Citizens for Emergency Preparedness (CEP) announced Thursday it is prepared to step up to the plate in an effort to raise funds for a building project at Brookings-Harbor High School.

The school district recently received three 100 kilowatt diesel-powered back-up generators donated by Qwest.

The generators are presently being housed at the districts bus barn, but will eventually be utilized as an emergency power source at the high schools new addition.

The cost to build an annex to house the generators and a fuel storage tank adjacent to the new facility has been estimated to cost anywhere from $60,000 to $200,000, said district Superintendent Paul Prevenas.

On Thursday, Prevenas told CEP members that getting the generators was a good thing, but only one step in making them useful.

We have a long way to go yet, he said. Until they are hooked up, they dont do us any good.

We are dependent on getting outside funding for the job. The district doesnt have any funding committed to the project.

There was no cost for this project figured into the bond.

Prevenas said one possible source for funding might be grants.

Buzz Hansen is working with the port (of Brookings Harbor) to get a grant proposal completed, he said. My understanding is that Russ (Crabtree, port manager) is working on a grant to help get some funding.

We havent come to the point in time where funding is a problem, but by next spring, when we solicit bids for the building project, it could become a problem.

Our architect has been directed to include the generator annex into the building plans.

Committee member Marti Arrell said she understood Crabtree was working on a couple of angles for funding.

I think he is looking at a FEMA (Federal Emergency Management Administration) grant, she said, but first looking at state (Oregon Emergency Management) funds.

Its my understanding that matching funds will be needed, but I also understand that the generators, and the cost of transporting and storing them, can count against those matching fund requirements.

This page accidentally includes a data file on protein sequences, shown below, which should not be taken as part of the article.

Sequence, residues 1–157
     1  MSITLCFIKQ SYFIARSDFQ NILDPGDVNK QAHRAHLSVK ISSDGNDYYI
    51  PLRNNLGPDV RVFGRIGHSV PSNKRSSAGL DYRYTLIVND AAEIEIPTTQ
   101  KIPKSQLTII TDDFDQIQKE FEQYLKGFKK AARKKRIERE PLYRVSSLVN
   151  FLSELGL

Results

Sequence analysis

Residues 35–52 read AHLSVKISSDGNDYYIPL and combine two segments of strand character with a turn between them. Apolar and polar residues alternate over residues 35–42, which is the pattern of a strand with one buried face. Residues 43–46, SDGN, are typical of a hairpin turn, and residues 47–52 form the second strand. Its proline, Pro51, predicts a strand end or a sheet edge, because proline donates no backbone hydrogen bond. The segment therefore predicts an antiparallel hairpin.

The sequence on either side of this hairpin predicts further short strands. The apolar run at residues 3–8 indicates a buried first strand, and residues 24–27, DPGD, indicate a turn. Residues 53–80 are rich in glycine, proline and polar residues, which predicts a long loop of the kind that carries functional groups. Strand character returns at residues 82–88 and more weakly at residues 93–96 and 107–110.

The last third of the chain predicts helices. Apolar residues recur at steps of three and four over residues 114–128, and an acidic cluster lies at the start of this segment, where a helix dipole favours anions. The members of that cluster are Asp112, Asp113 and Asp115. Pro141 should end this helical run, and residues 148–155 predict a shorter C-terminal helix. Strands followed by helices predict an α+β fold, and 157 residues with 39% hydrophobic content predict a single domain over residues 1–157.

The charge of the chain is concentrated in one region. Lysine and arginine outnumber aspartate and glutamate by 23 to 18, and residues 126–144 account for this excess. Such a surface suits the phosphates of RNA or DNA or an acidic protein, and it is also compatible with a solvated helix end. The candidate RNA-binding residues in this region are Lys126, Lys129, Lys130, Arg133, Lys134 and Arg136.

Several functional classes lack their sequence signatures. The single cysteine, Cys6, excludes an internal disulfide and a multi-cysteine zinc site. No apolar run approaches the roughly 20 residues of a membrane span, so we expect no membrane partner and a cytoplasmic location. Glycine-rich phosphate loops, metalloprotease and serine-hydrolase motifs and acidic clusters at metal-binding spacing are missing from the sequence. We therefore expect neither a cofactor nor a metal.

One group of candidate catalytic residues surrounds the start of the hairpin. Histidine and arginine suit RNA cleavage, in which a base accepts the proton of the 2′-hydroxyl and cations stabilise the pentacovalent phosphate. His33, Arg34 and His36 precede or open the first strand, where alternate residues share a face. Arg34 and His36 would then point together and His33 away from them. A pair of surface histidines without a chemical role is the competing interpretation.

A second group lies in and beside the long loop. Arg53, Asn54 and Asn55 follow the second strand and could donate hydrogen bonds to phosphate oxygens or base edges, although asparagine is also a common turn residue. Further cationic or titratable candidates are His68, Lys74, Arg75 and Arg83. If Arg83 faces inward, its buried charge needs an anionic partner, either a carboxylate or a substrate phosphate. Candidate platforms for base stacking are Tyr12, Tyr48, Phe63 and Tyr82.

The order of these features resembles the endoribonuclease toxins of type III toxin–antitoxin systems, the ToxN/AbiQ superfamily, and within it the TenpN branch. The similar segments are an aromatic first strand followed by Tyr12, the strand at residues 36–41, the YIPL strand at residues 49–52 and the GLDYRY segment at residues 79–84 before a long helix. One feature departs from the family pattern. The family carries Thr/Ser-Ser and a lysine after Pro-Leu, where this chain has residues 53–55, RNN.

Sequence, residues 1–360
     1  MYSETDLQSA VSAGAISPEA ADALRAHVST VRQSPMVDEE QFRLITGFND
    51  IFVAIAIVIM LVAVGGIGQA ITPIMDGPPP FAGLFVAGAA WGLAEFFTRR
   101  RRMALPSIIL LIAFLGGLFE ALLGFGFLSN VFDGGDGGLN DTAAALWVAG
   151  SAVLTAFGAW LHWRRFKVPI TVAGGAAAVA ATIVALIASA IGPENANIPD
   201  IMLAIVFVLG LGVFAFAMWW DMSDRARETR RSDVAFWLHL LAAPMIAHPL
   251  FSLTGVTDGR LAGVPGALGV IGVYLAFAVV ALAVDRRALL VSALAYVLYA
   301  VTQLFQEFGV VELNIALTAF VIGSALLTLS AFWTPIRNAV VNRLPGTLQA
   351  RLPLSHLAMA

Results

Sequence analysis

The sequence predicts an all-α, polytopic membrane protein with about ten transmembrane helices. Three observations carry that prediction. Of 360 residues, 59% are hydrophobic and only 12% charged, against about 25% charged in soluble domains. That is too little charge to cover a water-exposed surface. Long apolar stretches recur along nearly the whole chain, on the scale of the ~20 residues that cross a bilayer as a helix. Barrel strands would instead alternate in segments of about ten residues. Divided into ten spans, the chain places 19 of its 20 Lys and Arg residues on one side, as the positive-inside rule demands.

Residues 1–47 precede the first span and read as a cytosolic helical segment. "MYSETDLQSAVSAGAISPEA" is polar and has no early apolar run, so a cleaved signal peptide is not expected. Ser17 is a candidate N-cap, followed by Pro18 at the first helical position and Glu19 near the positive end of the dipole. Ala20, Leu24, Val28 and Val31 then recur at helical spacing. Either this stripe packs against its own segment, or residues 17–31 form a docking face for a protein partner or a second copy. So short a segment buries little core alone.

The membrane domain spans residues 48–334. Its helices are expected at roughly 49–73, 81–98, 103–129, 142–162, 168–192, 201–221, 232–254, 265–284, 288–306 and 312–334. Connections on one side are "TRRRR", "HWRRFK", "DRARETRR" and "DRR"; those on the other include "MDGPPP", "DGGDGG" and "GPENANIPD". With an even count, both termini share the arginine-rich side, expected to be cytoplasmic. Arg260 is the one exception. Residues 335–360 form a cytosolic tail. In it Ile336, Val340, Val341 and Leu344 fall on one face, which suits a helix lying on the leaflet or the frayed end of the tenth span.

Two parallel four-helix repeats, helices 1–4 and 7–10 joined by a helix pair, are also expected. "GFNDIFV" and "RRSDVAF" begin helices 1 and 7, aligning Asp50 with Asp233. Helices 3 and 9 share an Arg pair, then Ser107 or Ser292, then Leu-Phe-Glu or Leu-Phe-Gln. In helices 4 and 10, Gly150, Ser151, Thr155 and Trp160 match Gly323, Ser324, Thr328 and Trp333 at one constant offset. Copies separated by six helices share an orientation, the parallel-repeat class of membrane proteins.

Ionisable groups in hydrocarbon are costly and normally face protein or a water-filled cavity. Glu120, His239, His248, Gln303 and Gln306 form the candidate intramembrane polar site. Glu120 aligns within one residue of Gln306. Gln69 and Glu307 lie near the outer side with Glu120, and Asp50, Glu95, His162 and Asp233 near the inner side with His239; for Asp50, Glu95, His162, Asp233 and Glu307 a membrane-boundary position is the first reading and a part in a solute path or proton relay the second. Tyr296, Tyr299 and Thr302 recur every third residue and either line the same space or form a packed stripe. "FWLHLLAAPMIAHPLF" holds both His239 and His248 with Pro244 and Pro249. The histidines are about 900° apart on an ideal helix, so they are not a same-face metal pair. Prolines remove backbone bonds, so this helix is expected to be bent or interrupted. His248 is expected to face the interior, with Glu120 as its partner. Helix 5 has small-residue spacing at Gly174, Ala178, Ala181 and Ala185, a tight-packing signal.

Arrell said that CEP still wants to help out in raising funds for the project if possible, since the entire community would benefit from having the emergency generators at the high school.

We are trying to figure out how to go to the community for funds, she said. We need a figure to take to the community.

CEP is committed to raising funds.

Prevenas said there were three primary factors that needed to be addressed in discussing the emergency generator project:

The 300 kilowatts of power the generators can produce are not enough to run the entire high school addition. Electrical engineers say the total load for the facility will be closer to 400 kilowatts, so in an emergency the entire facility could not be operating at one time.

A fuel tank and exhaust systems for the generators have to be included in the project. It is the districts intention to house the fuel tank in the annex with the generators. The district would like the fuel tank to have a large enough capacity to keep all three generators running for four or five days continually.

The architect estimates it will cost $80,000 to attach the annex to the new high school addition. That figure does not include the cost of the electrical portion of the project.

Prevenas said the next step in the process is to hear back on some indiction of the potential for grant funding. He added that information is not needed immediately, but soon.

In three to five months we will be putting out bids on the high school addition, he said. We need this resolved before then, so we have a couple of months.

We need to decide, Do we include the annex in the master plan?

We need to keep momentum going on this project. Once we hear from the port, we will know where were going.

This whole thing keeps growing. It started out with one generator, but we still think it will work out.